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Cast iron project still a go this year on two of city's busiest streets

'“I know there will be some hardship during the time of construction, but I believe that administration and those people who did the work learned valuable lessons in the past,' said Coun. Heather Eby
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Cast iron
This 55-year-old section of cast iron pipe from a water main in downtown Moose Jaw is on display at city hall, giving resident an idea of the quality of some pipes underground. Photo by Jason G. Antonio

Although it will likely cause hardship to businesses on Fairford Street East and High Street West, the replacement of cast iron pipes on those streets will still proceed this construction season.

City council reaffirmed during its executive committee meeting on March 23 that 360 metres of pipe on Fairford Street East from Main Street to Second Avenue Northeast and 540 metres of pipe on High Street West from Main Street to Third Avenue Northwest will be fixed as part of the program’s phase 5.

The Fairford Street project will run in front of such businesses as Casino Moose Jaw and Temple Gardens Mineral Spa. The High Street project will affect businesses up to the Royal Canadian Legion building.

Council discussed the issue in-camera — behind closed doors — before re-opening its meeting and voting 6-1 to receive and file a report from city administration about the project. Coun. Brian Swanson was opposed.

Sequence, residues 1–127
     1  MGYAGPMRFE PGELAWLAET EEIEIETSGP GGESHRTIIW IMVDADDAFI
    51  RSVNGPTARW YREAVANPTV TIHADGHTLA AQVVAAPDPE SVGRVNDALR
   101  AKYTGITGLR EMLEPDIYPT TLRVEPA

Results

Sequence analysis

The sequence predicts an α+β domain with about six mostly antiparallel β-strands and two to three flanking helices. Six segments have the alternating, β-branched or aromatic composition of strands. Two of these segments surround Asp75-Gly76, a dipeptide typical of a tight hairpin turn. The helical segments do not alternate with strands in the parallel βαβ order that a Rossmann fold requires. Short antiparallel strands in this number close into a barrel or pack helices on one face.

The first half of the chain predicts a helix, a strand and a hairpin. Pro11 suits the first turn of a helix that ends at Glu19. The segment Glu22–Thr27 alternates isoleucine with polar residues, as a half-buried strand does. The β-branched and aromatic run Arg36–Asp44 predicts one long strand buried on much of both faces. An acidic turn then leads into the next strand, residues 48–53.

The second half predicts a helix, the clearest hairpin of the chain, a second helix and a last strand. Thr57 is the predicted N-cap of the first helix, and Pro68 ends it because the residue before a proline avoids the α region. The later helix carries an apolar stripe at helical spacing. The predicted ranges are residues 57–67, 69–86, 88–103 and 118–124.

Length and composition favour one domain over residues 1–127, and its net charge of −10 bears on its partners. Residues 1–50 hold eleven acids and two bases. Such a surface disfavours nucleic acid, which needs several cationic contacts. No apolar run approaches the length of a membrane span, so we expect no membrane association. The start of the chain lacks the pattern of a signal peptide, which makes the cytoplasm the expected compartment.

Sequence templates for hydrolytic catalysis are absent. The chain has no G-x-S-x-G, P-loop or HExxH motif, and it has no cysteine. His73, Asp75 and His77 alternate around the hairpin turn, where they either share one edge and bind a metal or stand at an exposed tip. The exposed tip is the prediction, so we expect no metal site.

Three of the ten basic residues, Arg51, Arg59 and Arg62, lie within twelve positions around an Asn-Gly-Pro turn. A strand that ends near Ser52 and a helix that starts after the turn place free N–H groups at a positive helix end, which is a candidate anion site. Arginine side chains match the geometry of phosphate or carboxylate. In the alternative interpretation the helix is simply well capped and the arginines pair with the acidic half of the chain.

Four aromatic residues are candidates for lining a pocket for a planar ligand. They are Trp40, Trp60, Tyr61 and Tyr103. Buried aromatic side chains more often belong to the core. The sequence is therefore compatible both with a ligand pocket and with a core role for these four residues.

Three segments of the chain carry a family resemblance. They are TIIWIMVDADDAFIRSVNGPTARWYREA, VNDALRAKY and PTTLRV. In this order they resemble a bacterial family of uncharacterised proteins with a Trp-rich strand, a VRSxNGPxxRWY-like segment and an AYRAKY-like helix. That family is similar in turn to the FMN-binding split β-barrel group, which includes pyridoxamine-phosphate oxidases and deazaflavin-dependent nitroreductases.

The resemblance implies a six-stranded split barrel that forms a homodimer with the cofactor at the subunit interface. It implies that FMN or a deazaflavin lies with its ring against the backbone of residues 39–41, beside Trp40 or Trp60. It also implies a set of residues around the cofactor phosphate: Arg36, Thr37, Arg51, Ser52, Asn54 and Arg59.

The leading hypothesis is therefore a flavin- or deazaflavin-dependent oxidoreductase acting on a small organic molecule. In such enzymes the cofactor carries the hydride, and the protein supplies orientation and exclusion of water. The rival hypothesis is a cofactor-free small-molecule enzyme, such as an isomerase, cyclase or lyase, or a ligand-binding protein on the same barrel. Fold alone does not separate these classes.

Due to the pandemic and the order that two metres (six feet) need to be maintained between people, councillors Dawn Luhning, Heather Eby and Chris Warren participated in the meeting from home via technology. Mayor Fraser Tolmie and councillors Swanson, Crystal Froese and Scott McMann sat further away from each other.

After the vote, city clerk/solicitor Myron Gulka-Tiechko informed the three housebound councillors that the media had returned to council chambers. This prompted Eby to speak up and say she had been in favour — and was still in favour — of replacing the cast iron pipes on these two particular streets this season.

She didn’t want to see businesses on Fairford Street East or High Street West negatively affected, she said, but she wanted to see this work finished since it would complete the replacement.

“I know there will be some hardship during the time of construction, but I believe that administration and those people who did the work learned valuable lessons in the past … on High Street,” she continued. “In the long run, this will be the best thing for those businesses.”

There is still good access to businesses on High Street, especially with back alley entrances and parking lots, Eby remarked. It’s not ideal, but it will be ideal to complete the work and have long sections of cast iron pipes replaced. This will also lead to fewer rampant pipe breaks in the future.

The next executive committee meeting is set for Monday, April 13.




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